Hear this Week – Live Music in St. Louis January 23 – 28
Live Music in St. Louis
Wallet Hub has crowned St. Louis number one for most live music venues (tied with Las Vegas). Here are just a few Bands of Note:
Tuesday, January 24 – One man band Matt Lorenz, performing under the name “The Suitcase Junket,” brings his raw instrumentation and truly original songwriting to Off Broadway. Doors open at 7:30, $10.
Wednesday, January 25 – Over at the Focal Point in Maplewood, there is a special edition of their “Songbird Café” event featuring four great singer-songwriters: Joe Bizelli, Hope Dunbar, Kenny Lee Hall, and from Nashville, Aprille Goodman. The music starts flowing at 7:30, $20.
Thursday, January 26 – Have a fever for some high-octane Rockabilly? The doctor called, and the cure is Everett Dean and the Lonesome Hearts at the 1860’s Saloon. In addition to their own foot-stompin’ original tunes, they play great songs from the 1950s through the 1970s. 9, no cover.
Friday, January 27 – At The Pageant in University City, the Drive-By Truckers stop by. Founded in 1996, this alternative country/Southern rock quartet tells great stories in a sonic ambitious way. Hard-edged and finely honed tunes are heard from popular quartet, and they’ll be playing songs from their new “American Band” album. 8:00, $25 in advance, $28 at the door.
Saturday, January 28 – Across the river in St. Charles at Hollywood Casino’s 99 Hops House you’ll find local blues guitarist/singer Kevin Bilchik performing. He has a great band, but he’ll be doing a solo gig here on this night. 9, no cover.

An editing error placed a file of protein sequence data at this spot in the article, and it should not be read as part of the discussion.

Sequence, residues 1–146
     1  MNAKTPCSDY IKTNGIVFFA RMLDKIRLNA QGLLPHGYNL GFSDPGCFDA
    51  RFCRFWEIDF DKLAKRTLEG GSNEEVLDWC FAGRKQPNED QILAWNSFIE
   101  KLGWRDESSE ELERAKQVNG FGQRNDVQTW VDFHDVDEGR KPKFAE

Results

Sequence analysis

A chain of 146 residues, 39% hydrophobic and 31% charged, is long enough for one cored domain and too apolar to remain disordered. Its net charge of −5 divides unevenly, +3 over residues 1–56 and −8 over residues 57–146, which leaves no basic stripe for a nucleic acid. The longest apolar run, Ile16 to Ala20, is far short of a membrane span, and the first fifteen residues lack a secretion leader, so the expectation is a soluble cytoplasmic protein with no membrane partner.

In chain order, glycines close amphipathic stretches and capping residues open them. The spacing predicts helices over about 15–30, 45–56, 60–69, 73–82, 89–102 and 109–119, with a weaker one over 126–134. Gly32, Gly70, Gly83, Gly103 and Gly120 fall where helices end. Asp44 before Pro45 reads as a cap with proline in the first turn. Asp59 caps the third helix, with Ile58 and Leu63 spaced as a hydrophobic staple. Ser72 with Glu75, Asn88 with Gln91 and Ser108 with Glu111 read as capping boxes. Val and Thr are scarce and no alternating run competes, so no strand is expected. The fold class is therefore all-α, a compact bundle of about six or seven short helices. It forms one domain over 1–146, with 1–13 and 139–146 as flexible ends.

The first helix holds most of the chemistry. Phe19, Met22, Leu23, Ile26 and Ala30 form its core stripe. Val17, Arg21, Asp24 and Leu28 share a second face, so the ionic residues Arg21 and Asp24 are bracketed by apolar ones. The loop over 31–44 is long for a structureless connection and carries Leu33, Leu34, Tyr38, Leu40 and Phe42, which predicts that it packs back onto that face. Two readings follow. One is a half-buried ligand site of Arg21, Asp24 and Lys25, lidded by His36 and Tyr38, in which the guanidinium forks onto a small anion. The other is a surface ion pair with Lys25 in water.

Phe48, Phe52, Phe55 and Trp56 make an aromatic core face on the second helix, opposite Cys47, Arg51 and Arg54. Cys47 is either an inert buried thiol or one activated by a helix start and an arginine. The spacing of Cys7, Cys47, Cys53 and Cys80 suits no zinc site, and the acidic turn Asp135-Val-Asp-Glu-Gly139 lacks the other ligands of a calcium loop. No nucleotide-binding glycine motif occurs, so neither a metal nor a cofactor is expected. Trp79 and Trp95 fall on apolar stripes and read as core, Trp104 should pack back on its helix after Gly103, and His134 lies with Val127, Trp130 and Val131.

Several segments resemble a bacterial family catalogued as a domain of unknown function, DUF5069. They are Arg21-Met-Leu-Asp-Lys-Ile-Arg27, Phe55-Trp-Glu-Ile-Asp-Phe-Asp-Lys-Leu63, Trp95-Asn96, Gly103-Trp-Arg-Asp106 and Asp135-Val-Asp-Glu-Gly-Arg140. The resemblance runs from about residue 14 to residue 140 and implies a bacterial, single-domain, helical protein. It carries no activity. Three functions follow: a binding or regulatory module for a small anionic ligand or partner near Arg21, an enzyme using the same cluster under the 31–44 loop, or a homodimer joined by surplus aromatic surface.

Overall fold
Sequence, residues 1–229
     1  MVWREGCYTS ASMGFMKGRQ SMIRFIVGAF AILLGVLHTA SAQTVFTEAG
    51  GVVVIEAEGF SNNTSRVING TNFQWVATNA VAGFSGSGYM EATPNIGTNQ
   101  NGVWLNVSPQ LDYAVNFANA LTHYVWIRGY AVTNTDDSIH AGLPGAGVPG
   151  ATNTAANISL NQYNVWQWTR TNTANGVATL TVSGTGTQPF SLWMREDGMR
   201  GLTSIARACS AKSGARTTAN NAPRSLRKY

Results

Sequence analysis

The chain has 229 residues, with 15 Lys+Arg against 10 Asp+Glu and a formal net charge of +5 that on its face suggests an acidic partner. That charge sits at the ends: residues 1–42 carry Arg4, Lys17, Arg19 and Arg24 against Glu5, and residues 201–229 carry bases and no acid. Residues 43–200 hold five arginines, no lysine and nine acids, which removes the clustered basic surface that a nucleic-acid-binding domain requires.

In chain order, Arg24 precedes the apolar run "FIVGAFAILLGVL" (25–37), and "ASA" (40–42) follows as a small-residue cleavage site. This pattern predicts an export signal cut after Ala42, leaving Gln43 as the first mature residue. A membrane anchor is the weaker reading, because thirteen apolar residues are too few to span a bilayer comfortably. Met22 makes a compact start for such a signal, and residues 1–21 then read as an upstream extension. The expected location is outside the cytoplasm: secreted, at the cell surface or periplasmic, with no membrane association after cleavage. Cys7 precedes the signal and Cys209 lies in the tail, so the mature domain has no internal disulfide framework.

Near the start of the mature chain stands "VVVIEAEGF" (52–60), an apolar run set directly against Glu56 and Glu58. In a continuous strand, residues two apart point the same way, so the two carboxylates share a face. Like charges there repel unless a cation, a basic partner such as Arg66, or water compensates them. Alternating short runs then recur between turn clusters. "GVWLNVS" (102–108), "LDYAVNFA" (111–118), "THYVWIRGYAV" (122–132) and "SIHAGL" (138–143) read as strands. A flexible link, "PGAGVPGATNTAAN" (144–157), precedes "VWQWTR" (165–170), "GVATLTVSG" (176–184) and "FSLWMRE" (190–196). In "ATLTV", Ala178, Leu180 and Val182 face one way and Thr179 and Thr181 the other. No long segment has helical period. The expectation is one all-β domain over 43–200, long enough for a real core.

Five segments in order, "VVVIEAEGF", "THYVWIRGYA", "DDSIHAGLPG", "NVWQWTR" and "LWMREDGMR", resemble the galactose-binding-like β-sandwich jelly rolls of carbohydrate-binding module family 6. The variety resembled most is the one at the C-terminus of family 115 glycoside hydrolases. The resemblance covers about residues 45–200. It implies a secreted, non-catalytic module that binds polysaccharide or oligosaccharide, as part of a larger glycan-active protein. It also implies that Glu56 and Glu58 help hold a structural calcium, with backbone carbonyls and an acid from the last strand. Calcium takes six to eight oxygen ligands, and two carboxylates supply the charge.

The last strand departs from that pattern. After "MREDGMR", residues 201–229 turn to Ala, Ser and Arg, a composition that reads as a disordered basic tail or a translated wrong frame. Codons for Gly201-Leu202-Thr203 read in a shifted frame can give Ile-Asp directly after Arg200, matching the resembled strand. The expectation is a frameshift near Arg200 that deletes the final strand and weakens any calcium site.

What the Locals Know: Every Wednesday, at the Schlafly Bottleworks in Maplewood, there’s The Big “B” Jamboree – a raucous open mic/jam session covering music from the 1900s to the 1950s. If you’re into jazz, blues, folk, country, western swing, and/or rockabilly of that era, you gotta get over there. Banjo optional. 8, no cover.
Music Note of Note: Elwood Buchanan was born here in 1907, and learned to play trumpet from Joseph Gustat, the principal trumpeter with the St. Louis Symphony. He played in local dance bands before becoming a music teacher, and then became the first to teach 13-year-old Miles Davis trumpet. He would admonish the future jazz great when he played with too much vibrato, setting up the young artist to explore the “cool, east-coast” style he’d be known for.
Hear This Week is written by local writer, musician, and live music fan Kevin M. Mitchell